As online entrepreneurs, we spend our fair share of time staring at a blank screen before we start to write. While doing so, my mind wandered off wondering where the idea for my online business came from.
It became clear my business actually started in kindergarten. The exact day was when I was sent to the principal’s office. I was on the floor playing by myself when they came for me. He had me sit on his lap while he reprimanded me in his stern voice. I never looked him in the eye, but his stiff white collar centered with a red and blue bow tie is a brain image which has never changed over the years. Sorry, I digressed.
The Real Problem
The real problem for us online entrepreneurs is trying to figure out what’s the next piece of great information to write about. Then it’s trying to figure out how to effectively convey this information so readers will be receptive and responsive to our offers.
Most of us take the business approach of providing some form of factual and educational information and using persuasive language to convince readers of the value of our offer.
We understand readers scan so we condense things down to short, concise sentences and paragraphs. We include bullet points, photos, and other visuals – charts, graphs, and infographics – in an attempt to hold a reader’s attention long enough to have our message register.
Yet, despite our best efforts, readers’ brains get distracted and overwhelmed. Focus goes elsewhere and flow into long-term memory gets backed up or never gets there.
What neuroscientists say
If you ask neuroscientists which brain is more fully engaged, holds attention longer, and has greater memory retention when reading, the answer is the brains of fiction readers over non-fiction readers. This seems to make sense since most of us easily get lost in a great story.
Smart internet writers take advantage of this neuroscience and combine the factual with story elements and incorporate it into a marketing strategy.
The story-marketing advantage is that no matter the theme and internal structure, it has the ability to quickly create a bridge between trust, empathy, and rapport within the brain of a reader.
Key Points About Storytelling and the Brain
These are the key neuroscience points you need to know about storytelling and the brain.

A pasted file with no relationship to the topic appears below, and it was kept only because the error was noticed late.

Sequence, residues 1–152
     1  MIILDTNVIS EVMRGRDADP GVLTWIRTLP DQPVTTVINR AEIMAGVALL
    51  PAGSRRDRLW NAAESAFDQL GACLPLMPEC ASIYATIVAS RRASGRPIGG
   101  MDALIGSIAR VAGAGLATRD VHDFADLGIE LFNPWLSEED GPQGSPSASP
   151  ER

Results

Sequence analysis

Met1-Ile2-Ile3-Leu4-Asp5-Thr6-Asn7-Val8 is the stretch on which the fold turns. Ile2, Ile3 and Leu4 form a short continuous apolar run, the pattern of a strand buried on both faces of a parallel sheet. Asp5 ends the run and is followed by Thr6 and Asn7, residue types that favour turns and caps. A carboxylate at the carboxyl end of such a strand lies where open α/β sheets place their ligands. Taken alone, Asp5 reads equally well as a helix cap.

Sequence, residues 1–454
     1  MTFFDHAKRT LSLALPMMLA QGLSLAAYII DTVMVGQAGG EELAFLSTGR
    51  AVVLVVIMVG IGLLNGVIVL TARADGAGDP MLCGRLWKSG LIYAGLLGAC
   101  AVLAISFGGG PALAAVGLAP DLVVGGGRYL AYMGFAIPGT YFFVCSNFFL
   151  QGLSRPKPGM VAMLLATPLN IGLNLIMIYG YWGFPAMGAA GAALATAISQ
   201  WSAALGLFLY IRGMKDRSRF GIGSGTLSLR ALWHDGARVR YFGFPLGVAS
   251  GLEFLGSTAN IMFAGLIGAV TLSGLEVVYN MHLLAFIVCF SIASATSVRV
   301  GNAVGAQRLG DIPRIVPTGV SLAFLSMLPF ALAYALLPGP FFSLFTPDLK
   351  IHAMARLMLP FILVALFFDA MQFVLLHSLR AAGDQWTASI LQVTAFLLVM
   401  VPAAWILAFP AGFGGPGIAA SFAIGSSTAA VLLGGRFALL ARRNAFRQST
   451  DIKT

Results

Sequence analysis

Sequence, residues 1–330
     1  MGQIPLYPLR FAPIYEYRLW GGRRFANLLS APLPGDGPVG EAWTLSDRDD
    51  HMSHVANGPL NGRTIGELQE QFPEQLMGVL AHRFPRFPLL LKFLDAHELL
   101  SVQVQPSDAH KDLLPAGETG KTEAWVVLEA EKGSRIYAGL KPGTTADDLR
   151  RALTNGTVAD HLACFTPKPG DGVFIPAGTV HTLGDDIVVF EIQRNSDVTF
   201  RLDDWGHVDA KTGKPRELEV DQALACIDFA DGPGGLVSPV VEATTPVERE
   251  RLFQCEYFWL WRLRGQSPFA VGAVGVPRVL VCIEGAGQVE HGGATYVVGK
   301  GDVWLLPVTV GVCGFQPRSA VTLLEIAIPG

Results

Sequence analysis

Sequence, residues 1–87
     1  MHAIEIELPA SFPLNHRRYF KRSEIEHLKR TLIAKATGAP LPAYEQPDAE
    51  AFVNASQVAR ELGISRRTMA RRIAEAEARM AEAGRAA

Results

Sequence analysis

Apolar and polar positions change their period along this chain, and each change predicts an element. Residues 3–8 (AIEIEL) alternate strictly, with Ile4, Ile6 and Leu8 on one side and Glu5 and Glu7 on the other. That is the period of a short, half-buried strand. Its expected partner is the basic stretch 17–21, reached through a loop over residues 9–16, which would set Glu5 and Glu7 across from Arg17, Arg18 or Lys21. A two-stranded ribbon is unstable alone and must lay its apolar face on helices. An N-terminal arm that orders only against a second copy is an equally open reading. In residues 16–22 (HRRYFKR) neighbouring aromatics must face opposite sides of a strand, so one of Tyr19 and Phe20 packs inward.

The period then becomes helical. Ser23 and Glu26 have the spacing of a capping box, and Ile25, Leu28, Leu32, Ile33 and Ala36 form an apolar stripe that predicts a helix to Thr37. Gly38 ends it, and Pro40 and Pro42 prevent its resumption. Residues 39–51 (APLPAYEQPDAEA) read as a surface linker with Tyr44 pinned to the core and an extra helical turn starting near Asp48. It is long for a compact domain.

- The brain has two dedicated areas to process language and speech
- Wernicke’s Area – comprehension and understanding for spoken and written language
- Broca’s Area – producing words and speech for communication
- The brain itself is unable to distinguish between what’s real and what’s not real
- There’s no difference between reading and experiencing
- The brain can know something is not real but will still process the story line as real
- Whether it’s a physical event or a story with a sensory description the same brain area is activated.
- The brain creates feelings of trust with the release of the hormone oxytocin from a believable story as much as from a favorable real life encounter. [Trust]
- The brain engages more when the left and right hemispheres are in synch with each other. This occurs as it processes a mixture of left brain fact and logic with right brain story elements that tap into emotions, beliefs and memories. [Empathy]
- The brain is always looking to confirm familiar patterns and similarities from either stories or life events when it comes to understanding and making decisions. [Rapport]
- The brain has better memory retention for factual information when embedded in stories. [Memory]
- The brain wants the complete story. If there’s no ending, it will fill in the blank with a story of its own.
As I sat there, I was a compliant and rebellious 5-year-old at the same time. I must have agreed not to bring my imaginary friends to kindergarten because the issue was never raised again. But I took a stance then and there. “If I can’t have my imaginary friends, you can’t have my mind.” So there all you school officials!
Thus was born my business out of my rebellious mind and its growing fascination with how the brain and the conscious and unconscious parts of our mind work.
Thought you would like to know how the story ended.
The Video Explanation
Now, it’s your turn to make you and your offer memorable in the minds of your readers with business stories that build trust, empathy, and rapport.
What’s your next business story?
Image: Pixabay 1418613
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